The weather outside could be frightful on Christmas Eve in much of Kansas — including Wichita — as forecasters anticipate a major winter storm moving through the nation's heartland.
The storm is expected to strike central and northern Kansas with snow and blizzard conditions Wednesday and the Wichita-area Wednesday night and most of the day Christmas Eve.
"Here's the bottom line: This storm is so intense that people will need to modify their travel around this storm," said Mike Smith, chief executive officer for WeatherData Inc., a subsidiary of AccuWeather.
"I don't think there's any doubt that somewhere in the corridor between Wichita and Sioux Falls (S.D.), someone's going to get 2 feet of snow — and that 2 feet of snow is going to be piled up in drifts," Smith said.
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But computer simulations still disagree on where the heaviest snow will fall Wednesday and Thursday. Forecasters hope to be able to pin down snowfall estimates more firmly today.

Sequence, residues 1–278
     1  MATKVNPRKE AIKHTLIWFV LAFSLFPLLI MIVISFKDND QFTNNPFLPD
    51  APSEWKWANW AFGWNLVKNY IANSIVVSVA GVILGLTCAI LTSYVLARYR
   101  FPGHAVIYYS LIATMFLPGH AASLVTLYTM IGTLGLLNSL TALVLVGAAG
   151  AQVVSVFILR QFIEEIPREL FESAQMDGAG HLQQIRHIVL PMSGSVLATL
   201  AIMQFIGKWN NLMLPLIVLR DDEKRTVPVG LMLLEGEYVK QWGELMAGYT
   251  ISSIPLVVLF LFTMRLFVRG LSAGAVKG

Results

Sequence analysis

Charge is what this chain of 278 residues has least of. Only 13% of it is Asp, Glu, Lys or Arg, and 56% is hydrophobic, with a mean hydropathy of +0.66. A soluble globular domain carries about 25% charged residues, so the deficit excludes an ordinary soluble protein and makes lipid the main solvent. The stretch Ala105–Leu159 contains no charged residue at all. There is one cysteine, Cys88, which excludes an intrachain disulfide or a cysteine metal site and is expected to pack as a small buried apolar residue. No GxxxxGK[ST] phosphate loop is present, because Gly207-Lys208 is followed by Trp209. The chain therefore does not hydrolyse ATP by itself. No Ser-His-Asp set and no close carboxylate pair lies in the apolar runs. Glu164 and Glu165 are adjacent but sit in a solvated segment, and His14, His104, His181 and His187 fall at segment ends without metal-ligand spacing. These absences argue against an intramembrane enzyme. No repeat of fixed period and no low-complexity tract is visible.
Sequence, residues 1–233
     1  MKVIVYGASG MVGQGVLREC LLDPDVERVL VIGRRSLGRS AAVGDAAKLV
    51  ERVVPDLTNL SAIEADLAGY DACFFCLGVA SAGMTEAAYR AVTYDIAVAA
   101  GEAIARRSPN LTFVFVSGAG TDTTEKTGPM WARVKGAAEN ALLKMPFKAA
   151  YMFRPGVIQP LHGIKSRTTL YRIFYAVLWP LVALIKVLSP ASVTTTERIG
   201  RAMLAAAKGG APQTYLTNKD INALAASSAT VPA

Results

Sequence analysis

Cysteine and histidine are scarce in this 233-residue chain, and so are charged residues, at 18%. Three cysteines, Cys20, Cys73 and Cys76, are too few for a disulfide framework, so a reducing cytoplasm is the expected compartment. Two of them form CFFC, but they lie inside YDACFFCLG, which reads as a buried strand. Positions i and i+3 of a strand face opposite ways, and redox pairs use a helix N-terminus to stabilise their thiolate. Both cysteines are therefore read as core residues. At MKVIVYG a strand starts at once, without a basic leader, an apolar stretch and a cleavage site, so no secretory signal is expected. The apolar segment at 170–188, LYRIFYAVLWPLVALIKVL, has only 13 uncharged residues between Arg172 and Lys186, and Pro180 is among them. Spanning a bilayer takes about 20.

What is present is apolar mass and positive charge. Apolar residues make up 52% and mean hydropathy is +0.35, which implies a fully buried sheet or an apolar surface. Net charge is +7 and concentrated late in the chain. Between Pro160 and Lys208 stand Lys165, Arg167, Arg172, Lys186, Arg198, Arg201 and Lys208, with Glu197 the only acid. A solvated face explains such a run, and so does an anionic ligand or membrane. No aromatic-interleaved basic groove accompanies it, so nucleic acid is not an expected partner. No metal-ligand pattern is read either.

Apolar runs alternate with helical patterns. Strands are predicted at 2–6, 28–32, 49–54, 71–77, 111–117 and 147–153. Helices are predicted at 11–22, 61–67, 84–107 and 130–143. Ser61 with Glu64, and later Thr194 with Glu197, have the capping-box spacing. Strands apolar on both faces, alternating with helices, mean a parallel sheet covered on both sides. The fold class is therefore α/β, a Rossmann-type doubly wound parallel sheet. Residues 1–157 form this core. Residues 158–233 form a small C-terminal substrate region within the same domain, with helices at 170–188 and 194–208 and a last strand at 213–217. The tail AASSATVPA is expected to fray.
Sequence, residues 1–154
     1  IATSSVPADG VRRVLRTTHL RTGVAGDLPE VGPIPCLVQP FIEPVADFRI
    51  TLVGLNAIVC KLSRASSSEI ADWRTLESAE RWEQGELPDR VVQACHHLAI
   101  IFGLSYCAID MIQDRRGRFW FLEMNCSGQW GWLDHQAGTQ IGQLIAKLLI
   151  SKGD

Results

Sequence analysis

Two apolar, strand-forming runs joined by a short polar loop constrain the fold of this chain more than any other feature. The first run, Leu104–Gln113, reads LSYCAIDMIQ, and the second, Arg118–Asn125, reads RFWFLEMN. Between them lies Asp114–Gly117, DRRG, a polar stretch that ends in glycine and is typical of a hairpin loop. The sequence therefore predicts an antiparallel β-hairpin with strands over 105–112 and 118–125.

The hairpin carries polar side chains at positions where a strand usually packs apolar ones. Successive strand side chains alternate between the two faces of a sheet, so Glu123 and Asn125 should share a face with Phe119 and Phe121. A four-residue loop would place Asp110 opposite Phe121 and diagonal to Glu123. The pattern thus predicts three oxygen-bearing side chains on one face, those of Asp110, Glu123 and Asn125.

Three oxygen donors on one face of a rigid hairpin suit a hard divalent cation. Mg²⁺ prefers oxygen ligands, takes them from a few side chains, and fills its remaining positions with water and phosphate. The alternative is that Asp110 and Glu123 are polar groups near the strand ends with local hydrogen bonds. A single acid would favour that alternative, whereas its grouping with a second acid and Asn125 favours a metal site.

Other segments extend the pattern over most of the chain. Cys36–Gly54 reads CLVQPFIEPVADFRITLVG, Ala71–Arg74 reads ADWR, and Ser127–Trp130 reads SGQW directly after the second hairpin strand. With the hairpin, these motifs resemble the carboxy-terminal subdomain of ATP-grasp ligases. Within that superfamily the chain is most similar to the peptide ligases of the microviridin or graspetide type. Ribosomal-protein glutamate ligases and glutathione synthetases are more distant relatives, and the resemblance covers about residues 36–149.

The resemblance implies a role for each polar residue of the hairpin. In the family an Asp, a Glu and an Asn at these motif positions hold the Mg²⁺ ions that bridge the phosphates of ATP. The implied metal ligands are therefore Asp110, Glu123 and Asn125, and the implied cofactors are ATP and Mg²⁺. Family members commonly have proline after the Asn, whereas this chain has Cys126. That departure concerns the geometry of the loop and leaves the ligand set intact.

The National Weather Service has issued a blizzard watch for 40 counties in southern Kansas, stretching from the Colorado line to Reno, McPherson and Saline counties. The watch extends from Wednesday night through most of the day Thursday.
Sedgwick, Butler, Cowley and several counties in south-central and north-central Kansas remain under a winter storm watch.
The weather service is projecting 3 to 5 inches of snow for Wichita, with north winds blowing steadily 35 to 40 miles an hour — with gusts still higher.
"No matter how much snow areas get, definitely the wind is going to be a factor as we move into Thursday and Thursday night," said Kevin Darmofal, a meteorologist with the weather service. "We're still going to have some wind around on Christmas."
Whiteout conditions are expected most of the day Thursday.
"Driving is going to be very difficult once this gets going," Smith said.
Forecasters were hoping the storm system would have moved through by Thursday, but Darmofal said the system has slowed down as it organized.
"It still won't be nice to travel" on Christmas Day because wind will persist into Friday even after the snowfall ends, Darmofal said.
And it's going to get cold Friday and Saturday, he said.
"Wherever we have deep snow cover, temperatures have the potential to get close to 0," he said.
That intense cold means whatever falls will stick around for Christmas Day and through the holiday weekend, Darmofal said.
A warm-up won't commence until Sunday, he said, and even then it will only take temperatures slightly above freezing.